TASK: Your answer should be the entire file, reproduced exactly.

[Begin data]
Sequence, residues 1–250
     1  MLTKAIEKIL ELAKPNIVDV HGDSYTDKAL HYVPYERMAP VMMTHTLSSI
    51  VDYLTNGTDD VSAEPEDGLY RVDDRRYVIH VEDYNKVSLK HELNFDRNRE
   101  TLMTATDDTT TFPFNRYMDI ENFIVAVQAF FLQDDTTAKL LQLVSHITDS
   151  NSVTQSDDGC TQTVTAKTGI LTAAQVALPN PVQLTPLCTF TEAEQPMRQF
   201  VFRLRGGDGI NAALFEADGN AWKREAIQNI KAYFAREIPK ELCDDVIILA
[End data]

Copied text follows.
Sequence, residues 1–250
     1  MLTKAIEKIL ELAKPNIVDV HGDSYTDKAL HYVPYERMAP VMMTHTLSSI
    51  VDYLTNGTDD VSAEPEDGLY RVDDRRYVIH VEDYNKVSLK HELNFDRNRE
   101  TLMTATDDTT TFPFNRYMDI ENFIVAVQAF FLQDDTTAKL LQLVSHITDS
   151  NSVTQSDDGC TQTVTAKTGI LTAAQVALPN PVQLTPLCTF TEAEQPMRQF
   201  VFRLRGGDGI NAALFEADGN AWKREAIQNI KAYFAREIPK ELCDDVIILA